Cusack in 2004. © Jeni Bassett/Equine Attitude
» Forum: "Can we save Cusack?"
Last week, he found himself down on his luck in a Washington state auction house, with $US500 on his head.
There were real fears he would end up at a Canadian slaughter plant.
A hastily organised fundraising campaign on Horsetalk got the cash within two days to pay for Cusack and his transport halfway across the US to Kansas, where Deb Johnson has offered him a lifelong home on her family's 40 acres.
Today, with donated funds looking to comfortably cover his purchase, transport, boarding, health checks and some feed and supplements to set him up for his new life, the fundraising drive is being closed.
"I just don't have any words that are enough," said Deb, in offering her heartfelt thanks to those who pitched in to help Cusack.
Deb said the publicity and campaign around the Kiwi thoroughbred had also helped other horses at the auction house in a similar position to Cusack.
A lovely three-year-old filly with very good bloodlines was subsequently bought, as was a very old and feeble gelding, who was bought and will be humanely euthanised. His Arabian mare companion was found a new home.
"The ripple effects from helping Cusack are so far reaching," said Deb. Others were saved because Cusack's story brought attention to the lot of horses.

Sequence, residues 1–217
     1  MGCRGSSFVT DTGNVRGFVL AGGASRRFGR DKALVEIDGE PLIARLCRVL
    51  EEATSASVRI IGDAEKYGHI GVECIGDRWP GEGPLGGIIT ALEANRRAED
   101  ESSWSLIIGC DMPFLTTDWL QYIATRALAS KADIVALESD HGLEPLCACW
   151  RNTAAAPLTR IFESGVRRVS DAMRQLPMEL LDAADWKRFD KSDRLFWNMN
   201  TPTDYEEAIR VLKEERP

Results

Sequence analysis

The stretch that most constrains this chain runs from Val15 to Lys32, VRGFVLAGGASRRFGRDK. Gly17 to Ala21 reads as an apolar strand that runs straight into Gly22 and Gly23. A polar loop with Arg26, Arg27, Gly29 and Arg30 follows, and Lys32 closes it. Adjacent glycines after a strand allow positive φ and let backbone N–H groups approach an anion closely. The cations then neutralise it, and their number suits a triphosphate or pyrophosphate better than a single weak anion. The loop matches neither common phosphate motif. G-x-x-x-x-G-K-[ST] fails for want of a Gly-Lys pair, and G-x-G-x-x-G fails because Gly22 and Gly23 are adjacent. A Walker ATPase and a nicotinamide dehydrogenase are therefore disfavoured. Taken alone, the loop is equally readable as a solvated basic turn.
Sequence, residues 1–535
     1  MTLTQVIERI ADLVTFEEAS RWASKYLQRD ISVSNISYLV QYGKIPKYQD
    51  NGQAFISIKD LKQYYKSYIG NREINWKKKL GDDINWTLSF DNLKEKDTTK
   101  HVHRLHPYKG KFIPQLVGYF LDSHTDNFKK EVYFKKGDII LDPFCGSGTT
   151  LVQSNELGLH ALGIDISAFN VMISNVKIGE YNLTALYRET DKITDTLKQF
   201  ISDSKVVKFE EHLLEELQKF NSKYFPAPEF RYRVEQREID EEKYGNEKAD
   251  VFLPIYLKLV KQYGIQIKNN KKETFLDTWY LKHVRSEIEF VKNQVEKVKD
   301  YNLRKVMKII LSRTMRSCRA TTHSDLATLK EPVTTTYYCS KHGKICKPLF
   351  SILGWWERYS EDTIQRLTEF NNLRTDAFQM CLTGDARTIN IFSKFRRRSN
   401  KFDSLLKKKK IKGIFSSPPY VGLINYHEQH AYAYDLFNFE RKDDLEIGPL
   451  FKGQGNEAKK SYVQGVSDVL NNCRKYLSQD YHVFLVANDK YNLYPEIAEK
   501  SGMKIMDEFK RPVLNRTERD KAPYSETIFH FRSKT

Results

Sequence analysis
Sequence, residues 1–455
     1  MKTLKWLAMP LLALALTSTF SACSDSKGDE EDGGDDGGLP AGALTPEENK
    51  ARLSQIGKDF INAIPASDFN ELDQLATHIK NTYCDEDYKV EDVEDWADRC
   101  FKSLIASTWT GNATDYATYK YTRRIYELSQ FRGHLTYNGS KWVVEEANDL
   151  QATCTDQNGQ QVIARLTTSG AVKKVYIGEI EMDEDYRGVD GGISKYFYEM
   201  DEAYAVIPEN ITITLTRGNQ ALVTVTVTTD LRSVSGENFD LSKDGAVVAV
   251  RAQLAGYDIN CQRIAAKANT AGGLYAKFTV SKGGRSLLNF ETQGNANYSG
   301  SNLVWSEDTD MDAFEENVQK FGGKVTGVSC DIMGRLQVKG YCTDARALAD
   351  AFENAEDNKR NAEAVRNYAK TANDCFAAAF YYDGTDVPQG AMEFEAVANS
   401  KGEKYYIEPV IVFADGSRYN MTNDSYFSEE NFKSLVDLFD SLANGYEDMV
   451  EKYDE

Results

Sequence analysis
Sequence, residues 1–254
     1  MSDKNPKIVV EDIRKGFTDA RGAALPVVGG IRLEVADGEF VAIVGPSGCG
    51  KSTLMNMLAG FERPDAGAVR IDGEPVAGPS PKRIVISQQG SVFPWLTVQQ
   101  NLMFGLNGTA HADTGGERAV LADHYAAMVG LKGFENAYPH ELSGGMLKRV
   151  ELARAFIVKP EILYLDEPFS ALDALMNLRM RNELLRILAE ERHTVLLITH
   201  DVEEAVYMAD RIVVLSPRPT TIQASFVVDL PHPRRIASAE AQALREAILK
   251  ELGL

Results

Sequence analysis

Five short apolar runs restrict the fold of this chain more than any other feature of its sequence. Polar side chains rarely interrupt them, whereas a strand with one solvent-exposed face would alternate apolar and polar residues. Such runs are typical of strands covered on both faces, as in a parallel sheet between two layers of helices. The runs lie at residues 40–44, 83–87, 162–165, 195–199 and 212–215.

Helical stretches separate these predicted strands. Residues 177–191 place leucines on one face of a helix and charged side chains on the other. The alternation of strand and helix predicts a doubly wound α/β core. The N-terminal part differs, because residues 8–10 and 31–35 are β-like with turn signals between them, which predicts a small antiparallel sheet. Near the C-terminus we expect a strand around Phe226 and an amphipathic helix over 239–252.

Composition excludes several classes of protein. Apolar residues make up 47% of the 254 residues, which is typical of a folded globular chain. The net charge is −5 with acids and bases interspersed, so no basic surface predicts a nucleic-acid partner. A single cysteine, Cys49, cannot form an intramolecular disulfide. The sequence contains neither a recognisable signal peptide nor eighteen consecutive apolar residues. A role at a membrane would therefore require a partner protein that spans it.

Meanwhile, Lisa O'Gorman, who is generously paying the first two weeks of board for Cusack at the Back Forte equestrian centre, where he will wait a month before being transported east, has been giving Cusack some care and attention.
"Cusack was awesome today," she reported in to Deb.
"He has had treats before and ate his supplements no problem."
His worming programme is under way and he enjoyed a good grooming, Lisa reports.
"He had some leg crud I washed off and all looks good.
"My farrier will check his feet this week, but felt he would travel better shoeless.
"He has a rain sheet on so he is warm and dry. He is quite the funny guy ..."
Lisa reported he was pawing in the crossties for treats or attention.
She said he seemed a tad pushy on the ground at the moment, but she would work on that.
Meanwhile, Deb is planning out a future for Cusack, with a summer that is likely to focus on restoring him to fine fettle and getting him where he needs to be on the ground.
She has in mind some specialist training for him in Ohio in the northern fall, in the leadup to what she hopes will be a career in competitive trail riding.
"I want to bring him along as he's mentally and physically ready.
"By this [northern] winter, he should be ready to go show the world what an off-the-track thoroughbred is made of!"